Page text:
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My Teen Romantic Comedy SNAFU Climax
Episode 5

by Richard Eisenbeis,

How would you rate episode 5 of
My Teen Romantic Comedy SNAFU Climax (TV 3) ?
Community score: 4.6

This episode is all about laying out the problem our heroes face and the personal stakes involved should they fail to overcome it.

As shown in the last episode, the general issue they are facing is that the PTO—i.e., Yukino's mother and her (potentially non-existent) cohorts—have decided that the prom should be canceled. However, one of the main tenets of the school they attend is student autonomy. Thus, even with Yukino's mother breathing down their necks, it's hard for the school administration to do anything more than “advise” the prom committee to hold off on planning for the moment.

Of course, both Hachiman and Yukino see this for the BS that it is: a way to functionally kill the prom without having to “cancel” it due to the tight schedule needed to pull it off in the first place. Unfortunately, should they decide not to follow the school's “advice”, things are likely to escalate—and not in their favor.

Yukino, for her part, hopes to appeal to the PTO and explain logically how she will address the PTO's issues—and win them over with hard work and determination. Hachiman, on the other hand, has serious doubts about the plan's success.

This is because, while the PTO has stated their reasons as to why they think the prom is a bad idea, these complaints have been made in bad faith. So no matter what they do to address those complaints, it won't change anything. The PTO will just find new reasons to justify their objections.

Hachiman is aware of what is on the line for Yukino. To her, this is a chance, perhaps her last chance, to overcome her codependency and prove to both her family and herself that she can do more than live quietly in her sister's shadow—that she has value too. So even though Hachiman wants to help, he realizes he can't just march in and take over. To do so would defeat the purpose of her handling the prom in the first place.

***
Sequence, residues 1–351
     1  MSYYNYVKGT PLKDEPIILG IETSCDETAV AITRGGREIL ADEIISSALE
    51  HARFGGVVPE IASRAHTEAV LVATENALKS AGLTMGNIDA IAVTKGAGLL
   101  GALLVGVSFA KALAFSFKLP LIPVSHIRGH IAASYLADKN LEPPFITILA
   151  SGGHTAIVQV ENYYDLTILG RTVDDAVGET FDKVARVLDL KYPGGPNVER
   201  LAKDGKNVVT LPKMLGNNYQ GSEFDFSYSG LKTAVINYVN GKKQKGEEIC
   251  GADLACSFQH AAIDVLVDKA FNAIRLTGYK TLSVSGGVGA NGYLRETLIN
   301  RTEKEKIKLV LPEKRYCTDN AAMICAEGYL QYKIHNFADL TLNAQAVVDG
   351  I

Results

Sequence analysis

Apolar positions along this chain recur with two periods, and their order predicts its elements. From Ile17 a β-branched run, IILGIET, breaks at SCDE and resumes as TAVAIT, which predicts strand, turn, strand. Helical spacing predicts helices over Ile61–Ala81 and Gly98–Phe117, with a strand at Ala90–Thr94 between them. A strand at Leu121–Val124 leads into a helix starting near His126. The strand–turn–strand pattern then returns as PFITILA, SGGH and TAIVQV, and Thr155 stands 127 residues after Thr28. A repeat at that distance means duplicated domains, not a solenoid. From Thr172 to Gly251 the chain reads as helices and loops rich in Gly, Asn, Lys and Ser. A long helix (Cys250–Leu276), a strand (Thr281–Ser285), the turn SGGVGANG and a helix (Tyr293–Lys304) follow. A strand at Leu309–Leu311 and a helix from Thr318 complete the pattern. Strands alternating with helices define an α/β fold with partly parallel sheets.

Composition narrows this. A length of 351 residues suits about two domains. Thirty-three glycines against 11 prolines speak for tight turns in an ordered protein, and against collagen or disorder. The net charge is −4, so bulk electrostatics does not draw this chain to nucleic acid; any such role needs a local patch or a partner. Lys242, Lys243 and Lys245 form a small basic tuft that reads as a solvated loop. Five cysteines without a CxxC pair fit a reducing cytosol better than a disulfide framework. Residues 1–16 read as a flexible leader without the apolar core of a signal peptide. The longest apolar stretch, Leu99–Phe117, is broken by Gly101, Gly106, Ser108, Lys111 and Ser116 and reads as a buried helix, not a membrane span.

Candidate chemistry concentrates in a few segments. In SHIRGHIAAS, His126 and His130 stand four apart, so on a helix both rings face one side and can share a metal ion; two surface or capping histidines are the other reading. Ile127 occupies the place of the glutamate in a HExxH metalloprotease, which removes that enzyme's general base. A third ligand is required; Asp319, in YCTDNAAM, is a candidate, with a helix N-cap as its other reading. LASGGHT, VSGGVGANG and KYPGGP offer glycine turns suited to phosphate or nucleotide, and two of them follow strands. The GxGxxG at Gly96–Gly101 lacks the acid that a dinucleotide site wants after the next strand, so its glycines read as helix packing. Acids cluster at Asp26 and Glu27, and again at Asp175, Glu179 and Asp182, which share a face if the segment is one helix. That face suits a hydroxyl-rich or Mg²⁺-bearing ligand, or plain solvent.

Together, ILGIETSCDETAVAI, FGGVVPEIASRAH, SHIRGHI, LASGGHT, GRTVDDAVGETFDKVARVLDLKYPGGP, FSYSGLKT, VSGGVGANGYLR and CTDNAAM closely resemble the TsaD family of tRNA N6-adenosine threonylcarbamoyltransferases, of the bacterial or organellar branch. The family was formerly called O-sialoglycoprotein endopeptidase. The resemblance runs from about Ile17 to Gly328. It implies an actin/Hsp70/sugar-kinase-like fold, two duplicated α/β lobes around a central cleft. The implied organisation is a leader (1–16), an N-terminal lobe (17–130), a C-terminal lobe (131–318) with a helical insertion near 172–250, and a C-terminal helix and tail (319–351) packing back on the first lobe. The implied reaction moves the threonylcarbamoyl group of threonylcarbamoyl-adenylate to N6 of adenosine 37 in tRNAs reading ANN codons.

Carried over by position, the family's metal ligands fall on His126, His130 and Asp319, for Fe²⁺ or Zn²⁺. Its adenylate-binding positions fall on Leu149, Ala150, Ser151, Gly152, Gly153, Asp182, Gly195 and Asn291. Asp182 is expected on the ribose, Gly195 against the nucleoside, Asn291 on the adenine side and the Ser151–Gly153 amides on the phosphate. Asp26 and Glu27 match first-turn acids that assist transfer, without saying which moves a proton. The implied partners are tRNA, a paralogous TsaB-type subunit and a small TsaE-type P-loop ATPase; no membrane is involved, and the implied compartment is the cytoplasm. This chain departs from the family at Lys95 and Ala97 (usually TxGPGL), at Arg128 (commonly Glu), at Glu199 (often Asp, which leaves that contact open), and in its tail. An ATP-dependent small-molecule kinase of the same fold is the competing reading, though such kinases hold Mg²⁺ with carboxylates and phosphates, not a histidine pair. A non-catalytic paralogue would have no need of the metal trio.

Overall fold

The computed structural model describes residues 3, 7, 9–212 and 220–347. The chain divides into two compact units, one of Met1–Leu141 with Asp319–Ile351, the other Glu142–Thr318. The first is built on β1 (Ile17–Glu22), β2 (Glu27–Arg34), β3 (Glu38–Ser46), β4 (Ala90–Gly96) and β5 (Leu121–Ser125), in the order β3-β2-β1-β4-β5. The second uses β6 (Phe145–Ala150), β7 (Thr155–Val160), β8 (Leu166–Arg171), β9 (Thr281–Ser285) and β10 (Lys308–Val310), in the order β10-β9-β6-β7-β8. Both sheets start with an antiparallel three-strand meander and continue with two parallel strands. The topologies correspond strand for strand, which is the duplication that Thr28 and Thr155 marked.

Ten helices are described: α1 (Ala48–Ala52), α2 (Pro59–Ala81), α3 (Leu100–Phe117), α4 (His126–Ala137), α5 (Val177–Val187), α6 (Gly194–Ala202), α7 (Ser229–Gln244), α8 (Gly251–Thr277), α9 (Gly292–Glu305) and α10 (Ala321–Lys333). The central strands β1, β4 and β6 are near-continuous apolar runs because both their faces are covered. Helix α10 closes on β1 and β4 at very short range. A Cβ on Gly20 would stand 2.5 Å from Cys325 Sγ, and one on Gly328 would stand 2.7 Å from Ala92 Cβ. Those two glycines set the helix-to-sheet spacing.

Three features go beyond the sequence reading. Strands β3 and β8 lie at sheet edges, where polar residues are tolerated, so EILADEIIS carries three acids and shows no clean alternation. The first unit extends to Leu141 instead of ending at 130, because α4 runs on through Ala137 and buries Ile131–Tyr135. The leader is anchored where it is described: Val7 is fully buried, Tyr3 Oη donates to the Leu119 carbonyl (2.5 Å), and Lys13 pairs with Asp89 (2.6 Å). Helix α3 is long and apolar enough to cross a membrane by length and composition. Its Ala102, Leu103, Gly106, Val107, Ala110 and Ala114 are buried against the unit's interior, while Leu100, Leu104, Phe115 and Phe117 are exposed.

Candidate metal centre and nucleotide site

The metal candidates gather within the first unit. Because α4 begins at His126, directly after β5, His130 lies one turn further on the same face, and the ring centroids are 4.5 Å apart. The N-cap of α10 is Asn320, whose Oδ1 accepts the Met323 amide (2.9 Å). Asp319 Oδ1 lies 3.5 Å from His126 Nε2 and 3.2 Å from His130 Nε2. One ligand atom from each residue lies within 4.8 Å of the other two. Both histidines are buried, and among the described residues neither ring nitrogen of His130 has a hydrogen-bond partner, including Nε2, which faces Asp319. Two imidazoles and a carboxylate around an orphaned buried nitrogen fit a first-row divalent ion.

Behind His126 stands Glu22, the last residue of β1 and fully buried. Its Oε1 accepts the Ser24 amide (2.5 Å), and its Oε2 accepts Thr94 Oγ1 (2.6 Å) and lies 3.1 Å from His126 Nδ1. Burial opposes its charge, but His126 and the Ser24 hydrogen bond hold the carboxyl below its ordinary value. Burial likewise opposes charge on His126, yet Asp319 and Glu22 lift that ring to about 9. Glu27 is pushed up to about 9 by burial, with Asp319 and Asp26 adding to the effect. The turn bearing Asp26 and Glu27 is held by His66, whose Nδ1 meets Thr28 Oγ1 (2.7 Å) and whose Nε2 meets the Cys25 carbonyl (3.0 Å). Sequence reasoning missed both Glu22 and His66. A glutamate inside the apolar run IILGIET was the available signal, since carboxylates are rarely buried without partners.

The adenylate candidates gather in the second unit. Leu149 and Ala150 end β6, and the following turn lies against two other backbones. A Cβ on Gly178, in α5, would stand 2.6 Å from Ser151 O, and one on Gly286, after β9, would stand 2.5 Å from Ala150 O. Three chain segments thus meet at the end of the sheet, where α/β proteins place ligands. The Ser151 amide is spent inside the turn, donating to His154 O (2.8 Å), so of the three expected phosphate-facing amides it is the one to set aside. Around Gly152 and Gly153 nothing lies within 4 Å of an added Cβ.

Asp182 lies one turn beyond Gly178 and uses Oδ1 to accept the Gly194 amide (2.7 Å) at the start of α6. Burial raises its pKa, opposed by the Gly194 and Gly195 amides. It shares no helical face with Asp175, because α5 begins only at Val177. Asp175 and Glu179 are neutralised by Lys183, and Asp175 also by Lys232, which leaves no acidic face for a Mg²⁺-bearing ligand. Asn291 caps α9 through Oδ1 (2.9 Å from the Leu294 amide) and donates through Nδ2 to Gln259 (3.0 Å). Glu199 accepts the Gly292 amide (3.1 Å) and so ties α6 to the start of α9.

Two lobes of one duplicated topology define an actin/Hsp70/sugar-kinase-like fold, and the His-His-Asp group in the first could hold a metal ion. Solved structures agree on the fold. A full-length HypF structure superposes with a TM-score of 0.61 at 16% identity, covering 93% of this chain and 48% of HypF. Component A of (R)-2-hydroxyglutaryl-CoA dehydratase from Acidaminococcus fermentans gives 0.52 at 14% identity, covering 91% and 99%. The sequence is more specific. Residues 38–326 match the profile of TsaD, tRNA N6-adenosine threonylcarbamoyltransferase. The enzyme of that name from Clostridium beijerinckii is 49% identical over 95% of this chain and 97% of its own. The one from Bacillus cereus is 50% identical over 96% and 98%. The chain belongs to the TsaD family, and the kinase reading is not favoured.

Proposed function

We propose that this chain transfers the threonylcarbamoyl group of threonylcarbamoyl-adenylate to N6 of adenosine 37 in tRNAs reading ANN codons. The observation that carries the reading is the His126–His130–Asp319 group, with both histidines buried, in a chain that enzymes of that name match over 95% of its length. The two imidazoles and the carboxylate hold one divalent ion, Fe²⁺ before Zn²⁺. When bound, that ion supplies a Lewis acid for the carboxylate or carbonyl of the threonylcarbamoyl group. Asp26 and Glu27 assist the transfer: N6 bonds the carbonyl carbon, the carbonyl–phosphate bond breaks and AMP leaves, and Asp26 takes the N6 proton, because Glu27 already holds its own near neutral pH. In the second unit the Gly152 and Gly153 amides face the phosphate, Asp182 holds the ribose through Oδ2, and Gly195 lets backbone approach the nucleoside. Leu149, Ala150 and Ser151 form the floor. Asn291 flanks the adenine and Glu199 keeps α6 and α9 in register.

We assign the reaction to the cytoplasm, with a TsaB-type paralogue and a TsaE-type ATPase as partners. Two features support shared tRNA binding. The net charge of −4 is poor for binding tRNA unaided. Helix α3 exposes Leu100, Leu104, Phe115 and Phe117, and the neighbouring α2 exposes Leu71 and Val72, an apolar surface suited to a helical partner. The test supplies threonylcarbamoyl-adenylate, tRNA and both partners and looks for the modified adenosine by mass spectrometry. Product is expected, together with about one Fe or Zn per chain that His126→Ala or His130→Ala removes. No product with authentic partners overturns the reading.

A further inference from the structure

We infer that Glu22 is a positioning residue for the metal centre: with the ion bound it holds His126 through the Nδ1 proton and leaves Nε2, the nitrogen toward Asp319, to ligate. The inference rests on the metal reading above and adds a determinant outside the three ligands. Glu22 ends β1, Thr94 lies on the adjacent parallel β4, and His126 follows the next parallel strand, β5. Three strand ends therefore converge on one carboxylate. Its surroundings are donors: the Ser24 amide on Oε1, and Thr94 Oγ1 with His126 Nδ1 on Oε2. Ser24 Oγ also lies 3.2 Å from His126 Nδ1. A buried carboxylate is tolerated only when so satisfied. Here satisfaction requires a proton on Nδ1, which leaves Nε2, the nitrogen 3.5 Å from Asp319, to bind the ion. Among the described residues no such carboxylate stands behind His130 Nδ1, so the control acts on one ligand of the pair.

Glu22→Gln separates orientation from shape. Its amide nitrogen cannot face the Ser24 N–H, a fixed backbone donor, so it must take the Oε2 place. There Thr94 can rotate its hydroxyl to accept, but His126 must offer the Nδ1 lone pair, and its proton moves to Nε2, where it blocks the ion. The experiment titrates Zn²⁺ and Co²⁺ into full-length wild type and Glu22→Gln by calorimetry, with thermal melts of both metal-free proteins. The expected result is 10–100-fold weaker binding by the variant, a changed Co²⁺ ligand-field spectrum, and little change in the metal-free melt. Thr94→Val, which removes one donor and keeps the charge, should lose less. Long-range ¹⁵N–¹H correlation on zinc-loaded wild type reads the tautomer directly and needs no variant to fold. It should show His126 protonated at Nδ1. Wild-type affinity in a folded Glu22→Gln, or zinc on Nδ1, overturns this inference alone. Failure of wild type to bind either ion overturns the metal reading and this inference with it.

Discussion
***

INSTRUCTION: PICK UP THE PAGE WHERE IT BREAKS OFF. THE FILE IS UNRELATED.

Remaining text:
So he lays it all out in the open. He says he wants to save her—as she once asked him to—and flat out asks if it is okay for him to help her. He won't interfere in her plans and will follow her lead when it comes to any final decisions. He just wants to make a backup plan and get it ready in case everything else falls through.

Now, on paper, this sounds like it should be enough. Hachiman's set down a plan where Yukino can get his help but still have ultimate control of both the situation and her own actions. The problem is she can't see it that way. To Yukino, he's just placating her. In the end, things will go bad, she'll give in to temptation, and go along with his idea—and nothing will have changed from how things usually go. For her, a person trying so desperately to grow, this would be just another form of failure.

And so Hachiman is left with no choice but to flip the script. If she doesn't want help, he won't help her. Instead, he'll do his own thing, on his own, and for his own reasons. And she has no right to object. The prom is a service club project and there is no need for them to work together—that was the deal they made back in the first episode of the series.

But to hammer the message home—which is to get her enthusiastic consent—he makes it the final battle of their ongoing challenge. He'll do it his way and she'll do it her way. And whoever gets the prom to happen will be the winner. This appeals to the one part of her personality that is 100% her own, the part that isn't susceptible to her codependency: her drive to win.

Of course, the obvious problem here is that this puts her in a seemingly unwinnable situation. What Yukino wanted from the whole prom thing was to realize it on her own with her friends cheering her on from the sidelines (and in doing so change how her parents view her). But now, with Hachiman in the game, this is impossible.

If she wins now, it'll prove that she can do things on her own—and she may even get the respect from her parents that she deserves. However, she'll have done it without her friends believing in her and supporting her in the way she asked—exposing instead a fundamental lack of trust and respect for her and her needs. It will be the death of their friendship.